Sunday, January 9, 2011

One More Time, Arizona

Thanks again, P.E.

Live, 2010

and California, Florida, Georgia, Mississippi, Oklahoma, South Carolina, Arkansas, Colorado, Florida, Idaho, Indiana, Kansas, Minnesota, Missouri, Nebraska, Pennsylvania, Tennessee, Texas, Utah, Virginia....We're coming. In solidarity to those there. 

Thursday, January 6, 2011

"But I've never seen a nig--sorry, slave--that wouldn't lie"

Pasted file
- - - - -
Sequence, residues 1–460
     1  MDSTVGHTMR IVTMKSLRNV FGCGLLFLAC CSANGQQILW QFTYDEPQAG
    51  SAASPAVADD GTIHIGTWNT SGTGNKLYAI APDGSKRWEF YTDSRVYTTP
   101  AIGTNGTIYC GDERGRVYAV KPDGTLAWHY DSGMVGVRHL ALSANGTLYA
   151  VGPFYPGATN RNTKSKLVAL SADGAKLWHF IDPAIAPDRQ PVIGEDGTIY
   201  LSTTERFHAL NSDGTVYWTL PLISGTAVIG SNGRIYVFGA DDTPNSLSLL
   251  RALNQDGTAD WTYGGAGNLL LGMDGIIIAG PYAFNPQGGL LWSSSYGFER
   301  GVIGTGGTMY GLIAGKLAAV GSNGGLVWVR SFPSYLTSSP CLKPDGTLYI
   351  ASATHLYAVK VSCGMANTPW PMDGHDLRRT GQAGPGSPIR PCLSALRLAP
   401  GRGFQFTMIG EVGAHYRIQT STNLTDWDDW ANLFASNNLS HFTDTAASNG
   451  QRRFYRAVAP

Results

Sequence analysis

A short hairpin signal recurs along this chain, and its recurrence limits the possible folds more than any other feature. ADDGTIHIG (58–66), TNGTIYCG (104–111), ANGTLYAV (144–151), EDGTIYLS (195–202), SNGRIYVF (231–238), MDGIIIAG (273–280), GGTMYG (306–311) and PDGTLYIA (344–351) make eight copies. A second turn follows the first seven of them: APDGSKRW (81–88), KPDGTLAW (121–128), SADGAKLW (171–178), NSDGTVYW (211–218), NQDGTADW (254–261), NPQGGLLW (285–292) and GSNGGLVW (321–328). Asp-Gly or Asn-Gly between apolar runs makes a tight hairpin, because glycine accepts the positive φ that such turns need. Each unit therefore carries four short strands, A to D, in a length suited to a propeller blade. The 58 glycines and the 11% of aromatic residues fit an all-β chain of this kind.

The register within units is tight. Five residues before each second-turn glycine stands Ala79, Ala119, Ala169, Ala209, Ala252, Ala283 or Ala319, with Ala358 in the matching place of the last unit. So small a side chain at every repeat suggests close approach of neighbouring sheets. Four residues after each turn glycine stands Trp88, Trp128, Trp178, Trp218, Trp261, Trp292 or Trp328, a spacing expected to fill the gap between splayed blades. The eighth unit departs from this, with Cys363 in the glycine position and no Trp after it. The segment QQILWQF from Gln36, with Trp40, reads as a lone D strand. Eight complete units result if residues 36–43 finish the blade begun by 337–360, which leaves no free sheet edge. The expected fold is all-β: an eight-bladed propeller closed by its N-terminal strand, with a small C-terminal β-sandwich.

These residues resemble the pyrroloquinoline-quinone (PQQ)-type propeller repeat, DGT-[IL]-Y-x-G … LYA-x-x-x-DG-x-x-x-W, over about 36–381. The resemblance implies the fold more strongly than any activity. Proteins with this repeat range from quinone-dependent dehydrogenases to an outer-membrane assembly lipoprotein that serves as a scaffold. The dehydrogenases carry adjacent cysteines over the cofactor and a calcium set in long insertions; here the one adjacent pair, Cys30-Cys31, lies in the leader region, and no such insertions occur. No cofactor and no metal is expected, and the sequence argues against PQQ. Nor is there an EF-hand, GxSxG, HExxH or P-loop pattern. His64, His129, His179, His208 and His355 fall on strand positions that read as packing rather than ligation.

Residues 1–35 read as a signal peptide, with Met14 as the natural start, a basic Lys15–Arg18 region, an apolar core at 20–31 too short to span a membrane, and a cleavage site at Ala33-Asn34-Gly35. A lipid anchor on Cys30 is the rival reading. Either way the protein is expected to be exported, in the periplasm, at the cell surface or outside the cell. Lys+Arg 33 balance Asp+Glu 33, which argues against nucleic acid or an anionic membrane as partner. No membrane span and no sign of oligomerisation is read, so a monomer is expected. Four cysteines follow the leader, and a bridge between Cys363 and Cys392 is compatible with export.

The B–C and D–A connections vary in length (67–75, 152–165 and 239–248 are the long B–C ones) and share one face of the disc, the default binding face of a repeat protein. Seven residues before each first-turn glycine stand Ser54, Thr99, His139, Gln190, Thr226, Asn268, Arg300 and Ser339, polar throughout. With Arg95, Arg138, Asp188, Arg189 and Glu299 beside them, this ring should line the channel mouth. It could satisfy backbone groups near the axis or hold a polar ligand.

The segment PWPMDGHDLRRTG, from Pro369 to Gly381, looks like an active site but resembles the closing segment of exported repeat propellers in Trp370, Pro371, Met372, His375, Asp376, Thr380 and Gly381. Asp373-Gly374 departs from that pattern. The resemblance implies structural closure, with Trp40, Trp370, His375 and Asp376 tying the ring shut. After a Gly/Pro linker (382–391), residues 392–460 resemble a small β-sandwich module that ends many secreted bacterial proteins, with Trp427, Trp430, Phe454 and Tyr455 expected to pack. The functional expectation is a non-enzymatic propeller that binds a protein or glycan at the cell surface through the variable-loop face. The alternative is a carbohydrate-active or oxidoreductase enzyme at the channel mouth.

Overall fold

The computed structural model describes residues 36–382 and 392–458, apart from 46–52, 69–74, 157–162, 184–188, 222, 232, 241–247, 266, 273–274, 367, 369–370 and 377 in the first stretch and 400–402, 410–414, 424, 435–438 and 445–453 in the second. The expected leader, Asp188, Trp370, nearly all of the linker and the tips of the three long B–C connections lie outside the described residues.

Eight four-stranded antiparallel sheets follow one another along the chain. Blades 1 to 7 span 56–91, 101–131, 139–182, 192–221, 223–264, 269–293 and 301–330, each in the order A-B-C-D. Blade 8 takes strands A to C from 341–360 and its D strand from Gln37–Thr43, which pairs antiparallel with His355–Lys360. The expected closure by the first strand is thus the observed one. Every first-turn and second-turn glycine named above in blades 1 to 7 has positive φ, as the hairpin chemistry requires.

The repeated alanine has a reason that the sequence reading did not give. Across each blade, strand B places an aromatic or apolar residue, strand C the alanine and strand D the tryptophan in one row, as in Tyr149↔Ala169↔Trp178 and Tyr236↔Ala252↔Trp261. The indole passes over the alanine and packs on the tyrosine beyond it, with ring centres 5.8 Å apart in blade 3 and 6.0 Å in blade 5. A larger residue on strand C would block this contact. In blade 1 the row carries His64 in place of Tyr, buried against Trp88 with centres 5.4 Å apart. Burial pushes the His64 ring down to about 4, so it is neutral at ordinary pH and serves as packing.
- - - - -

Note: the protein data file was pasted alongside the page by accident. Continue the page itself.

Oddly, this is my second post this week on Huck Finn. This time, I am writing briefly on the removal of the use of "nigger" from a reissued Adventures of Huckleberry Finn. The title comes from what will soon be history itself, the original text. Much has already been written and said over the past two days about this issue and I agree with Melissa Harris-Perry, Mark Anthony Neal, Michaela Angela Davis, and Elon James White's takes on the removal of the word. I don't think it should be omitted and I'm not surprised that this conversation is happening in the post-civil rights, "post-racial" moment. A moment when people proclaim to be "color-blind" and unable to see race, at the same time that they vote to end affirmative action, cross the street when they see a group of Black youth walking in their path, and when Black politicians no longer want to called upon to "only" discuss race. A time that often leaves me on edge, terrified at times, about what is to come. (It's also a time when white people feel free to come up to you, smiling, happy, exuberant actually, while you're wearing your 'I LOVE Black People' T-shirt and exclaim "ME TOO!" as they walk by you on a hiking trail with your dad outside of San Francisco. True. Story. And, no, I don't think it's better than the alternatives).